• FIG. 4 illustrates a flow diagram of events and messages in the processor platform of FIG. 1 to handle a DMA operation requested by an application/driver module in accordance with the teachings of this disclosure. The messages in the illustrated example of FIGS. 4 and 5 are exchanged between a driver module 400, 500, the DMA controller 140 of FIG. 1, and the cache coherency manager 110 of FIG. 1. The events and/or messages in each of the examples of FIGS. 4 and 5 are in chronological order from (1)-(8). In other examples, the events and/or messages may be the same but the order of events and/or messages (1)-(8) may be different (and vice versa).
  • In FIG. 4, the example driver module 400 may be a driver module (and/or an application module) being executed by the processor 120 of FIG. 1. At event (1) of FIG. 4, the driver module 400 begins a DMA operation to access data from the memory (e.g., a read). For example, at event (1), the driver module 400 may attempt a DMA operation without involving the DMA controller 140 or the driver module 400 may send a request to the DMA controller 140. In message (2) of FIG. 4, the DMA controller 140 may detect the DMA operation initiated by the driver module 400 (denoted by an arrow directed toward the driver module 400) and/or may receive a request to setup the DMA operation from the driver module 400 (denoted by an arrow directed toward the DMA controller 140).
  • In FIG. 4, in message (3) the DMA controller 140 sends a DMA interrupt to the cache coherency manager 110. At event (4), the cache coherency manager 110 handles the DMA interrupt to maintain cache coherency. Based on the direction of the DMA operation going form the memory to the peripheral (i.e., the driver module 400), the cache coherency manager 110, at event (4), may handle the interrupt by flushing the cache 130. In message (5), the cache coherency manager 110 indicates to the DMA controller 140 that the DMA interrupt has been cleared after handling the DMA interrupt.
  • At event (6) of FIG. 4, the DMA controller 140 executes the DMA operation by retrieving the data from the memory and providing the data to the driver module 400 requesting the data). In message (7) and (8) of FIG. 4, the DMA controller 140 indicates to the cache coherency manager 110 and the driver module 400, respectively, that the DMA operation is complete.
  • FIG. 5 illustrates a flow diagram of events and messages in the processor platform of FIG. 1 to handle a DMA operation identified/detected by the DMA controller 140 in accordance with the teachings of this disclosure. In the example of FIG. 5, at event (1) a DMA operation occurs in the processor system 100. The example DMA operation of FIG. 5 is a scatter/gather operation in which data arriving via the network 186 of FIG. 1 is to be DMA-ed to the volatile memory 150 based on the driver module 500 providing DMA setup instructions to the DMA controller 140.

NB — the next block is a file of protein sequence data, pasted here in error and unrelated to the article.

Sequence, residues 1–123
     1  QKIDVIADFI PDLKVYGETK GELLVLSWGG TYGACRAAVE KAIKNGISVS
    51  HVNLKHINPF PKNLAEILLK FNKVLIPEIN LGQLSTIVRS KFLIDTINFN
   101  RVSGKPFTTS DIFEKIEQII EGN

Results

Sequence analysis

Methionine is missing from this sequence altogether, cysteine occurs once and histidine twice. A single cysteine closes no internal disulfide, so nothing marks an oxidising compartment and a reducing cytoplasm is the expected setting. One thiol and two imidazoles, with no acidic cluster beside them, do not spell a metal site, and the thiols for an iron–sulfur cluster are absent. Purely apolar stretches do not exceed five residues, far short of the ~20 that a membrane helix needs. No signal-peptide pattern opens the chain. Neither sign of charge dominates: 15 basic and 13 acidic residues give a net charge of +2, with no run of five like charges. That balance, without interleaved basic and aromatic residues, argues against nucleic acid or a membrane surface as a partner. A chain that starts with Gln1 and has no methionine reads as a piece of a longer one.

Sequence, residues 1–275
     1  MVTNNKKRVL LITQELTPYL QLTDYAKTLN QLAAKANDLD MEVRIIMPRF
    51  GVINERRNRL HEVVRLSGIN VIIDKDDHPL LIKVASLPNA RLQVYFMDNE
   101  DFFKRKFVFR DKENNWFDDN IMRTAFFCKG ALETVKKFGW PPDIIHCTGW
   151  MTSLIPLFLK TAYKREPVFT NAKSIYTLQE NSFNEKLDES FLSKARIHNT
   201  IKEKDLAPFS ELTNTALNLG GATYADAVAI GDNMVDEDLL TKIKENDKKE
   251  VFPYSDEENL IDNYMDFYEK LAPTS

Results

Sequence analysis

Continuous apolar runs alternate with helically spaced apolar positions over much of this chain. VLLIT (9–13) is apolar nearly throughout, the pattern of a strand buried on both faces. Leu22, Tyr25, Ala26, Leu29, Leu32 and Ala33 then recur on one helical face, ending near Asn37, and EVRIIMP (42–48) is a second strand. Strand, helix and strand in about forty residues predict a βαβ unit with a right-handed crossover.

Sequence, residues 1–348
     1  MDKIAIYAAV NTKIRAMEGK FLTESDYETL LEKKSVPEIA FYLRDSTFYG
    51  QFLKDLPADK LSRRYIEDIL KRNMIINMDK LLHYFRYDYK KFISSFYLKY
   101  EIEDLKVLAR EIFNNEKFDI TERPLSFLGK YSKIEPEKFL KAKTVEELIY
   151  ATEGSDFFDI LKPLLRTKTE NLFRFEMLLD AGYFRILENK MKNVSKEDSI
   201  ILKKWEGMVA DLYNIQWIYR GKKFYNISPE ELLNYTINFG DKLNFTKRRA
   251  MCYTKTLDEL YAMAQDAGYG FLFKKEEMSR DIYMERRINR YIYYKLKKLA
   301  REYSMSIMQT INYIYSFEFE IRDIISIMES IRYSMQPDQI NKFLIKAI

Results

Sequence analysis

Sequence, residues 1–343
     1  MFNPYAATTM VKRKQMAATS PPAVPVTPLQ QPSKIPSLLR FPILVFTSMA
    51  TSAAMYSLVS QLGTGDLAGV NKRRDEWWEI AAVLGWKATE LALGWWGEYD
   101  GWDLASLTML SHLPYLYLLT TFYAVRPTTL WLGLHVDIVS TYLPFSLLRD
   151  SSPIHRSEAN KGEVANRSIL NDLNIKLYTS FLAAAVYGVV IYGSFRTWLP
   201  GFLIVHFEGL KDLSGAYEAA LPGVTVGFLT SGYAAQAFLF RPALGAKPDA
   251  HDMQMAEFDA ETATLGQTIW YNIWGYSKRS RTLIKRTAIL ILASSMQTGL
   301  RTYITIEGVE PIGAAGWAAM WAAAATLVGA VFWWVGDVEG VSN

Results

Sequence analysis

• At event (2) of FIG. 5, the DMA controller 140 identifies and/or detects the event (e.g., the DMA controller 140 detects the attempted DMA operation from the interface circuit 180 to the volatile memory 150 via the platform bus 170). At event (3), the DMA controller executes the DMA operation by writing the network data to the volatile memory 150. In message (4), the DMA controller 140 sends an interrupt to the cache coherency manager 110.
  • At event (5) of FIG. 5, the cache coherency manager 110 handles the interrupt by invalidating the cache 130 (based on the direction of the DMA operation being from a peripheral (the interface circuit 180) to memory (the volatile memory 150). In message (6), the cache coherency manager 110 indicates to the DMA controller 140 that the DMA interrupt has been cleared after handling the DMA interrupt. In messages (7) and (8) of FIG. 5, the DMA controller 140 indicates that the DMA operation is complete to the cache coherency manager 110 and the driver module 500, respectively.
  • Flowcharts representative of example machine readable instructions for implementing the cache coherency manager 110 of FIGS. 1, 2A, 2B, 3, 4, and/or 5 are shown in FIGS. 6 and 7. In this example, the machine readable instructions comprise a program/process for execution by the processor 120 of FIG. 1. The program/process may be embodied in computer readable instructions stored on a tangible computer readable storage medium such as a CD-ROM, a floppy disk, a hard drive, a digital versatile disk (DVD), a Blu-ray disk, or a memory associated with the processor 120, but the entire program/process and/or parts thereof could alternatively be executed by a device other than the processor 120 and/or embodied in firmware of the processor 120 or dedicated hardware associated the processor 120. Further, although the example program is described with reference to the flowcharts illustrated in FIGS. 6 and 7, many other methods of implementing the example cache coherency manager 110 may alternatively be used. For example, the order of execution of the blocks may be changed, and/or some of the blocks described may be changed, eliminated, or combined.